Westboro Baptist Church cheers on Hurricane Irma via Twitter

The group is hoping that the Category-5 storm crushes you and all that you hold dear — or couldn't you guess?

By Gabriel Bell

Published September 6, 2017 6:01PM (EDT)

   (AP/Carolyn Kaster)
(AP/Carolyn Kaster)

The Westboro Baptist Church, a homophobic poster-design company that does a sideline business in religion, is rooting for Hurricane Irma even as the Category-5 storm rips across the Caribbean on a collision course with the U.S. mainland. As Tweets reveal, in a clash between humans and weather that could threaten millions of individuals (holy and otherwise) in Florida, Cuba and Puerto Rico, the Church is decidedly pro-weather.



None of this is particularly surprising for regular observers of the small, highly visible Baptist offshoot founded by the late Fred Phelps in the mid-1950s. Not only does the Kansas-based Church use pretty much anything and everything tragic — children's deaths, natural catastrophes, veteran's funerals — as springboards for its frothy brand of anti-gay hate speech, it is uncannily good at using trending Twitter topics to forward its messaging. Really, Westboro's social-media manager would make a good hire at any mid-level company looking to improve their online visibility.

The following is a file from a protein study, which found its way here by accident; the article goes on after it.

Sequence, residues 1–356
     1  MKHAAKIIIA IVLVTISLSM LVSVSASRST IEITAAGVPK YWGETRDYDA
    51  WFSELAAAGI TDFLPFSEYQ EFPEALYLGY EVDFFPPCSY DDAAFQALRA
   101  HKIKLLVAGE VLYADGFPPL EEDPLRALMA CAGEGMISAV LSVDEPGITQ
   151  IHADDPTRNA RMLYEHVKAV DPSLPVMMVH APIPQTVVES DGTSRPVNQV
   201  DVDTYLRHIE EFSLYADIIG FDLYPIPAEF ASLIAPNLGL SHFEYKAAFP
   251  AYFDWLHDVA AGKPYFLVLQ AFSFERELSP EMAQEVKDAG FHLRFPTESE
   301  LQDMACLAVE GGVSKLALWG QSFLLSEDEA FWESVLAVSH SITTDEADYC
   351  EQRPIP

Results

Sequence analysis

As proof, note that the Church's strong (and so far singular) pro-Irma tweets came only one day after the sect's account referenced other trending topics such as Burning Man, the wildfires in the foothills of Los Angeles, the Labor Day holiday, the news that Prince William and Princess Catherine of Britain would be having a third child and the box-office smash, "The Hitman's Bodyguard". Again, that's on one day . . . during a long weekend. Remarkable work.

The Church has not, as of yet, tweeted anything about the reports suggesting that Kanye West and Kim Kardashian West are also expecting a third child, but perhaps their social-media manager's iPhone ran out of juice.

Oh and yes, the Church spent the last week or so snarking on the victims of Hurricane Harvey in the greater Houston area, but you kind of knew that already.


Gabriel Bell

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